My recent run-in with the Mona Lisa at the Louvre has made me a little nervous about my upcoming trip to Italy. I probably won't visit a museum as immense or crowded as the Louvre, but I understand that the cities of Rome and Florence are so densely packed with fine art that they may as well be open air galleries. Strange as it sounds, I don't know how I will deal with all this art. For many, art isn't something that needs to be dealt with. Indeed, these people are content with simply basking in the magnificence of masterpieces. I, however, am afraid that all the creative brilliance might leave me feeling museumed out.
You can get museumed out (or churched out, as the case may be) when you've seen so much beauty that you stop appreciating it. It's only natural; when faced with the extraordinary for several consecutive days, it ceases to seem special. I believe some have a greater capacity to be inspired by genius, but we all have a limit. You know you may have reached yours when you are secretly overjoyed that the church you planned to visit is closed for renovation, or when sitting in the hotel room watching Alf in Italian seems more appealing than the local gallery.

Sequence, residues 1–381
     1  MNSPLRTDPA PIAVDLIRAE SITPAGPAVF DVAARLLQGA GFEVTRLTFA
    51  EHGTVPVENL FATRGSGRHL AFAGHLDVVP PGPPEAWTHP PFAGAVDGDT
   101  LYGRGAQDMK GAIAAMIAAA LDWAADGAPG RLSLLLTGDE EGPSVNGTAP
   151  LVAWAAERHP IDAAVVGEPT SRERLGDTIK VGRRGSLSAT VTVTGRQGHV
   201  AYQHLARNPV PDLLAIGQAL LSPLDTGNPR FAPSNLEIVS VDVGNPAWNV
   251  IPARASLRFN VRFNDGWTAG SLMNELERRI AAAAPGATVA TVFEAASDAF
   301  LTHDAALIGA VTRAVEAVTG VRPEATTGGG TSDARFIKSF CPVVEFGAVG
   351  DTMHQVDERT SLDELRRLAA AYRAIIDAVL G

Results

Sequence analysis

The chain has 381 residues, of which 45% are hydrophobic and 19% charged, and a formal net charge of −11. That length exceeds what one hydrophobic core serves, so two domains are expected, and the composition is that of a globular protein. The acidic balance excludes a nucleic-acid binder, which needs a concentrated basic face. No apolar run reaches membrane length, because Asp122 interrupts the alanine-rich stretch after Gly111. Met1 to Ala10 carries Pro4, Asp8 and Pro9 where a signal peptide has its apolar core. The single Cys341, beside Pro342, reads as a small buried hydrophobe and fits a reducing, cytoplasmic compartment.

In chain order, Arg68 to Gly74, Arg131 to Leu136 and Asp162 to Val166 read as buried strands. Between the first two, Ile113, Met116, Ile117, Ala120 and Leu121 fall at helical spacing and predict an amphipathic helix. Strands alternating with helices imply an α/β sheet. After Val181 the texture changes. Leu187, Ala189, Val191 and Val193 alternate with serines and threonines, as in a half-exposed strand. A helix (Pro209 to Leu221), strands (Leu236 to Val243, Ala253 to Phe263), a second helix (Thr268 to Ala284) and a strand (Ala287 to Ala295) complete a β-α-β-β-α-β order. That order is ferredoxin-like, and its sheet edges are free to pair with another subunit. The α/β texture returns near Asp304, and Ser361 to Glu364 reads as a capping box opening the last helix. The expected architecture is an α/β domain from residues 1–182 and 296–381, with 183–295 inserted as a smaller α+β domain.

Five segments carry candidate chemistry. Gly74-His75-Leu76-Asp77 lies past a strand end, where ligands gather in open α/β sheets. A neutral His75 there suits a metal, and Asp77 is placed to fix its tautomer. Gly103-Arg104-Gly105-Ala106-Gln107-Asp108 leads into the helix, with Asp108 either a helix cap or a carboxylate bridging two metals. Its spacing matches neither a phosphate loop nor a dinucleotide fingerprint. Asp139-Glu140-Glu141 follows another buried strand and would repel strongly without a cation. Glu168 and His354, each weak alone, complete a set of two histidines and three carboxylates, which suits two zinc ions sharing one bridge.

I am very excited about this trip to Italy and I love the people with whom I am travelling. Because I don't want to spoil it for all of us, I've developed a three-pronged strategy for combating the symptoms of getting museumed out:
1. Relive my SAT prep days by scouring the thesaurus for synonyms for the word 'beautiful.' When gazing at yet another culturally significant work of art or architecture I need not fall back on the word 'cool' to express my sentiments. I'll throw out 'isn't that resplendent?' to keep it fresh.
2. Set a cap on the number of churches and/or museums I can see in a single day. If I happen to walk by a church, fountain or important looking sculpture, after I have met my quota, I will simply have to walk the other way or cover my eyes and have Mickey lead me to an art-free zone. Even if my friends want to see another museum after I have reached my cap, I will hold my ground and decline. If this means I must spend the afternoon shopping and eating gelato, I am prepared to do that in the name of not getting museumed out.
3. Remember the lesson learned from the Louvre and read up (or listen up) on the art prior to viewing it to enhance my appreciation and enjoyment. If I had even more free time, I would read a novel, set in modern times or historical fiction, about the places we are about to visit. Nothing gets me more psyched up about travelling than reading a great story set in your destination. I started John Berendt's City of Falling Angels in Preparation for my trip to Venice, but to be honest, watching ABC's The Bachelor: Rome got me pumped about this trip.
At the end of two weeks in Italy, I'll let you know how these strategies held up.